Of course, when the book arrived this morning I got truly excited. Having read the other standard reference works written or edited by the authors (J.R.R. Tolkien Artist & Illustrator, Roverandom, Farmer Giles of Ham,... Just to name a few) I was expecting a work of the same quality and interest.
It must be said, even after spending only two days of reading and working through the book (I'll explain the working later); I'm convinced that "A Reader's Companion" is truly amazing and will become a book quoted by many from this day on.

Although I had expected it to be more like an annotated "The Lord of the Rings", like we have "The annotated Hobbit", the authors followed a different approach. As explained in the preface of the book, an annotated "The Lord of the Rings" would have been very complex to make, it would have become very expensive and very big. At some 1.200 pages "The Lord of the Rings" is a much larger work then "The Hobbit".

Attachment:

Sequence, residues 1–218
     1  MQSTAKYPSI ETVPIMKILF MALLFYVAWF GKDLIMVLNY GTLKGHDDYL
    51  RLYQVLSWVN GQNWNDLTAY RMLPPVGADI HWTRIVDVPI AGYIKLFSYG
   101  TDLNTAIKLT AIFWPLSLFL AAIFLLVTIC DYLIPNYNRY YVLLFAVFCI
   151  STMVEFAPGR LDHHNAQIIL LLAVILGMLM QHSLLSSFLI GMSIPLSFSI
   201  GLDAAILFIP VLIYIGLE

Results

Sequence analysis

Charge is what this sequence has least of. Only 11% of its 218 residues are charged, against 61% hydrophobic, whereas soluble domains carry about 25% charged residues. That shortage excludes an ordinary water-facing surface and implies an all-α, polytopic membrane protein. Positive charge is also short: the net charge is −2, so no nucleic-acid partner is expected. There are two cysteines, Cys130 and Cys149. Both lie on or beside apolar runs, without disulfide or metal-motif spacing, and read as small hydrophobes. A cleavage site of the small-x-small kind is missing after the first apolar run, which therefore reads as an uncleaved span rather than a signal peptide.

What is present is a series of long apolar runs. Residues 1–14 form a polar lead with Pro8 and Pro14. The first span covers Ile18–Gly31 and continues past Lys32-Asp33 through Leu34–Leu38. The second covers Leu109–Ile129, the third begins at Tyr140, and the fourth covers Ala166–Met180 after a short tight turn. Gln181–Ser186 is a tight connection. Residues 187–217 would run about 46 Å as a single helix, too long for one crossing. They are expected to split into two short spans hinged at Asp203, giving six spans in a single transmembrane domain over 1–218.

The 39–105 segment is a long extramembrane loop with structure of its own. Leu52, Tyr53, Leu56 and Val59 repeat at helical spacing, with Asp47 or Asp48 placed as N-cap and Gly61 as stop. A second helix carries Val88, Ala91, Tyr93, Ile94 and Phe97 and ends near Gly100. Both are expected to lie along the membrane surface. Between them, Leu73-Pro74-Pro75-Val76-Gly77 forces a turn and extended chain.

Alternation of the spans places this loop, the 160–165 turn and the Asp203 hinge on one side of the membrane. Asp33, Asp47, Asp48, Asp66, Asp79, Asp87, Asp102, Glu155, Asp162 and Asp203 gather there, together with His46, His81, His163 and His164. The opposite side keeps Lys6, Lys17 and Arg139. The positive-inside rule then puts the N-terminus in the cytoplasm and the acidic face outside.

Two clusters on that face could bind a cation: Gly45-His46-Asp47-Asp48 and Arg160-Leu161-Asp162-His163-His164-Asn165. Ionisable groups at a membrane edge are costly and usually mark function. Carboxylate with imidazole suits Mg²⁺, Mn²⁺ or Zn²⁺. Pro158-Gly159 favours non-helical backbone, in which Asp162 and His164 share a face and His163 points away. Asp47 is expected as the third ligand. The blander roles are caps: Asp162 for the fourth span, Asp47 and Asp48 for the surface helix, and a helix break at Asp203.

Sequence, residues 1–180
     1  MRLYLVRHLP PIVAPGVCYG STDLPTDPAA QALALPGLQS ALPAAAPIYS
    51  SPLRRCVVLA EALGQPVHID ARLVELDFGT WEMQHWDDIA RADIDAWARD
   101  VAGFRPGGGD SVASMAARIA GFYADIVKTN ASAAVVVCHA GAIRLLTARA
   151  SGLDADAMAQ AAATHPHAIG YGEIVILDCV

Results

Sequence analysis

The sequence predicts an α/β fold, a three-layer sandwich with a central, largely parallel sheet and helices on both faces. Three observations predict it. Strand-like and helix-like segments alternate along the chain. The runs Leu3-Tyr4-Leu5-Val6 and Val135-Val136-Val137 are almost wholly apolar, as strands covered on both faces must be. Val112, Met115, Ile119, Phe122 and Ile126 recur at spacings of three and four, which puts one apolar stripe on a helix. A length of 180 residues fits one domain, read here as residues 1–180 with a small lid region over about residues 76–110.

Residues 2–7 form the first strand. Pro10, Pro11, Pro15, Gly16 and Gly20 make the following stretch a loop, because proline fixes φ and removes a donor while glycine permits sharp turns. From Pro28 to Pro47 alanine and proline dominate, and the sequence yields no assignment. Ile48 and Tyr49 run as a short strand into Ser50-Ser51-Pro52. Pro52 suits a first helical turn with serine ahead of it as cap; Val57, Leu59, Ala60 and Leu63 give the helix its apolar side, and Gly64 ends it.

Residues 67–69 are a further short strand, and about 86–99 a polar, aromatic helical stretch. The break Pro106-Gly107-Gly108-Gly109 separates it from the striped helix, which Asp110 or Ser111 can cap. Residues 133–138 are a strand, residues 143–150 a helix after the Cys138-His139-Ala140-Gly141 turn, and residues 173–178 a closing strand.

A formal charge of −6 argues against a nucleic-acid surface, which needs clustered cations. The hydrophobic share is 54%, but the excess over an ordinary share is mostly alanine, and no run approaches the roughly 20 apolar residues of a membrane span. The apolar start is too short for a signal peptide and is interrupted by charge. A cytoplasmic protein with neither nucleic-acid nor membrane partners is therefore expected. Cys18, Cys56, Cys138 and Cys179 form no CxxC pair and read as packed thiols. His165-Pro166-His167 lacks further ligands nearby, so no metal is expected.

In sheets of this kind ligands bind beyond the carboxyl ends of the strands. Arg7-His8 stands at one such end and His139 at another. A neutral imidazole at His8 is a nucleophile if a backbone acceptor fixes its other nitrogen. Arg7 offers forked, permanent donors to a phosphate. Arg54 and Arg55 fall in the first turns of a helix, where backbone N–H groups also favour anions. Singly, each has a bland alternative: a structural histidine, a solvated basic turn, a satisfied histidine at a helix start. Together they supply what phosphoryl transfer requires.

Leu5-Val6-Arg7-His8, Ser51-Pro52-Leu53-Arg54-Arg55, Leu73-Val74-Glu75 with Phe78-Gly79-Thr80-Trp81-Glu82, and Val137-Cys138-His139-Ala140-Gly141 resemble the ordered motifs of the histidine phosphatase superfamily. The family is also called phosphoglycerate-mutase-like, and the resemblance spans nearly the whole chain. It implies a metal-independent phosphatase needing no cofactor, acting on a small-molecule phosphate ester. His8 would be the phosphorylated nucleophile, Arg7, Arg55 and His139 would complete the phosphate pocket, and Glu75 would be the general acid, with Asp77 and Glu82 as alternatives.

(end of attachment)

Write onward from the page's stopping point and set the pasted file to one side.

Also, now that it became a separate volume of notes, we can use "The Lord of the Rings: A Reader's Companion" not only with the newly published three volume 50th anniversary edition of 2005 (which has the same pagination as the previous 50th anniversary edition, in one volume, of 2004), but also with the standard editions, first published in 1966 and further revised in 1967 (but with the same pagination).